FTDNA, which is providing analysis for our Y-DNA Project, also provides testing for mtDNA, potentially allowing you to identify siblings, as both brothers and sisters carry their mother’s mtDNA and the sons also their father’s Y-DNA. This may assist if siblings have been adopted out or lost in marriage breakdowns, for example. A small number of members have subscribed to the mtDNA test, although we do not do any analysis on mtDNA results.


FTDNA also offers “FamilyFinder” which uses autosomal DNA signatures to identify potential familial relationships over a limited number of generations on both the paternal and maternal lines. The FamilyFinder test pool is growing quickly, currently (August 2022) 115 members, and, if you have no surviving related Egan males, is a way to find other Egan descendants who may be related to you.

DNA is tested by other companies, such as Ancestry, MyHeritage and 23andMe. If you have tested with any of these companies, you are likely able to transfer your DNA without charge into the FamilyFinder pool to make potential new matches.

Big Y formerly Deep Clade et al.

Finally there is now some interest in “Big-Y”, and related testing, which attempts to identify your origins further back in time. Are you a Viking or did you come from Ghenghis Khan on one of his holiday trips to Europe? Does this explain some of your personality traits? For those interested perhaps look here:

Y-DNA Haplogroup R and its Subclades - 2018

At the time of writing (August 2022) we have 46 Big-Y testers out of 243 37-marker Y-DNA testers. Big-Y testing amongst other things identifies your haplogroup; it used to be possible to test only for your haplogroup, and some project members have done this. Currently we have 47 distinct haplogroups, over half of whom are in our ungrouped members cluster.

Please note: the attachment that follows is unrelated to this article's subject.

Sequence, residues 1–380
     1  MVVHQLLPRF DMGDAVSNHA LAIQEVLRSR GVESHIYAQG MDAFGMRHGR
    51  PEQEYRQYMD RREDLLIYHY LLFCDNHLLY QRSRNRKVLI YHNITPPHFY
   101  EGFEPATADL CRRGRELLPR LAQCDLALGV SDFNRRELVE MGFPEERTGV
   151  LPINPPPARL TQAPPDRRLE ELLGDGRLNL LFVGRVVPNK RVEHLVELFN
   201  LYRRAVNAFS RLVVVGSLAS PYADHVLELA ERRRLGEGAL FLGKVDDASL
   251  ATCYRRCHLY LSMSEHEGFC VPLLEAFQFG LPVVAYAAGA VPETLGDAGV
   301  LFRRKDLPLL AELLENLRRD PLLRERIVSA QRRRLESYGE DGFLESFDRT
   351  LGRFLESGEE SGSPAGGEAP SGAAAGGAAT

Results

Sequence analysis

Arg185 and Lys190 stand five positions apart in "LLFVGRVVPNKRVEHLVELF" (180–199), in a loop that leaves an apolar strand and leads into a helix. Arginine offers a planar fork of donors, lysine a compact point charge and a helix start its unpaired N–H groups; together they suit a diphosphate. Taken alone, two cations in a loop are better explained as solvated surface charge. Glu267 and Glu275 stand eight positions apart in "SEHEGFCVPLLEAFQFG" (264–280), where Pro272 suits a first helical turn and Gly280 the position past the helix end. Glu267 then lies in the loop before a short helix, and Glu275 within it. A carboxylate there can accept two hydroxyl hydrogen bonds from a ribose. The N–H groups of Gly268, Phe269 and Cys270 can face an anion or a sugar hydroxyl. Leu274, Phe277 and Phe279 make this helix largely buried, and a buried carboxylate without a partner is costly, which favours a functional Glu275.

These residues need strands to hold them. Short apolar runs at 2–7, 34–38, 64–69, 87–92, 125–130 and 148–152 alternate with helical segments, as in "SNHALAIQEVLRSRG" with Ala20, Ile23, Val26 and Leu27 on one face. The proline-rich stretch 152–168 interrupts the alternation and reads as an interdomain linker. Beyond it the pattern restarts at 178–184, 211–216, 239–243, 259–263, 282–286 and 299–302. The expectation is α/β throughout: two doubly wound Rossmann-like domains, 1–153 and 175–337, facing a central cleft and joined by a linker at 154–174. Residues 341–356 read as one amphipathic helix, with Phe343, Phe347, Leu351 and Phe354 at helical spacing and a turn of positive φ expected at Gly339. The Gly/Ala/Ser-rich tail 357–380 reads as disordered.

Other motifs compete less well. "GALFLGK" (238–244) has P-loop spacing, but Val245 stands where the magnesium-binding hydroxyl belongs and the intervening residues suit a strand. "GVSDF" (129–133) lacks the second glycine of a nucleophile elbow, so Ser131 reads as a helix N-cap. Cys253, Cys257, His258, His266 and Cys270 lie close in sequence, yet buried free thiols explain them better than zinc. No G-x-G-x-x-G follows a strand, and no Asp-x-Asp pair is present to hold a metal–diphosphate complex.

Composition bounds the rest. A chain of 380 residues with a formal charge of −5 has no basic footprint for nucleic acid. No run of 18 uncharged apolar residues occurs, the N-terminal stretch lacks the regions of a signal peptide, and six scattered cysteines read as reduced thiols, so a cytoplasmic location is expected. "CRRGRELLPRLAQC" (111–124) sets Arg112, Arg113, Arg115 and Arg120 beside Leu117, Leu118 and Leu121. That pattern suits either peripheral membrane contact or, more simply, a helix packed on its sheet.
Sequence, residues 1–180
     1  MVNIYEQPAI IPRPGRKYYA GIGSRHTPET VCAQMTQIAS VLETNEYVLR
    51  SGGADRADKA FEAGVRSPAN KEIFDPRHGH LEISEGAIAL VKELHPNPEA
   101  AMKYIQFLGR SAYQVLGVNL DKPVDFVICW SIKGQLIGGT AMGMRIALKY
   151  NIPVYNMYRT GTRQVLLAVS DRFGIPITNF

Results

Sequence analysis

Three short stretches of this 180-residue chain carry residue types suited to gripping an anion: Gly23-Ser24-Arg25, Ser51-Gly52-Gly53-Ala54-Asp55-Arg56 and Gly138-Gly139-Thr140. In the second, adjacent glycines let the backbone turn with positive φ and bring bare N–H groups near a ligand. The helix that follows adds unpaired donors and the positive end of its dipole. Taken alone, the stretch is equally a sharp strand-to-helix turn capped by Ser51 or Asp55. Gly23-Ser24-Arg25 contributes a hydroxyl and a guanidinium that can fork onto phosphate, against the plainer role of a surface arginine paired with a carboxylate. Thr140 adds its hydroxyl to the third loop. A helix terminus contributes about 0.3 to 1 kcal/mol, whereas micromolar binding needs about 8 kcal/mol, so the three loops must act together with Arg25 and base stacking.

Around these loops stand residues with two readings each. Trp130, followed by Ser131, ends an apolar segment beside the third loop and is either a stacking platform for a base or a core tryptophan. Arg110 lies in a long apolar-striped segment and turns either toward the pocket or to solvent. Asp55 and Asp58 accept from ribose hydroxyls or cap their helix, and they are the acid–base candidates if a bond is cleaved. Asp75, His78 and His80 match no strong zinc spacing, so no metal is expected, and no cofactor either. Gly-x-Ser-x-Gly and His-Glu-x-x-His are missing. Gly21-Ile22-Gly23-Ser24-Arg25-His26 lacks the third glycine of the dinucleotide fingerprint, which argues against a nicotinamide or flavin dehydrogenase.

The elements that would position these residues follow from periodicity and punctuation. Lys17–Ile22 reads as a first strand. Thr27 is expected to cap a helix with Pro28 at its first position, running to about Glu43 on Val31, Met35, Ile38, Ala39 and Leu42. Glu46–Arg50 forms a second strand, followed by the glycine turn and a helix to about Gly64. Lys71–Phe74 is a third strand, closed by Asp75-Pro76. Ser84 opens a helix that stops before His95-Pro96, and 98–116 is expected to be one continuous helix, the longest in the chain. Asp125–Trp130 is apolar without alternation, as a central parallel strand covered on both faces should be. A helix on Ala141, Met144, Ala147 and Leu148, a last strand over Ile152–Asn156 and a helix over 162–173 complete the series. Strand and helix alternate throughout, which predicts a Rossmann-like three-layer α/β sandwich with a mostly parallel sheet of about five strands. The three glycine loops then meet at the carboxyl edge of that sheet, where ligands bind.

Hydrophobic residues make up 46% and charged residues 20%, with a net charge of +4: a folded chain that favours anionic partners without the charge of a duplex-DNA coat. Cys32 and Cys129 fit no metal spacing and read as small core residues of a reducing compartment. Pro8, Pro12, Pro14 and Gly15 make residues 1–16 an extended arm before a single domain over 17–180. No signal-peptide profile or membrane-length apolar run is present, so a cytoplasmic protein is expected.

Those who participate in this type of testing are often involved in haplogroup projects, which concentrate on this type of longer-term research and can be contacted in the same way via the link above i.e. Y-DNA Haplogroup R etc.

Family Trees

For most of us, DNA testing is a way to find other relatives, and where we all came from in Ireland. To this end, posting your family tree on the FTDNA website enables you to show others where potential links may occur.

In the case of the FamilyFinder test, your tree and linking documented matches to it, helps FTDNA to separate the rest of your matches into paternal and maternal buckets. This separation helps you to decide which matches to concentrate your research efforts on. When you upload your tree, make sure you put in death dates and places if you know them, because without them, the person is deemed to be living and their information is hidden and no use to anyone.

In Summary

The Clann Egan DNA Project was focussed entirely on Y-DNA testing in an attempt to determine where in Ireland you most likely came from. This has changed with the interest in autosomal testing to enable female Egan descendants to look for their relatives and ancestors in the same way and the creation of the Gedmatch Egan Surname project facilitates this.

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Mac Aodhagáin (Australia & New Zealand)- All rights reserved. Last updated November 2023.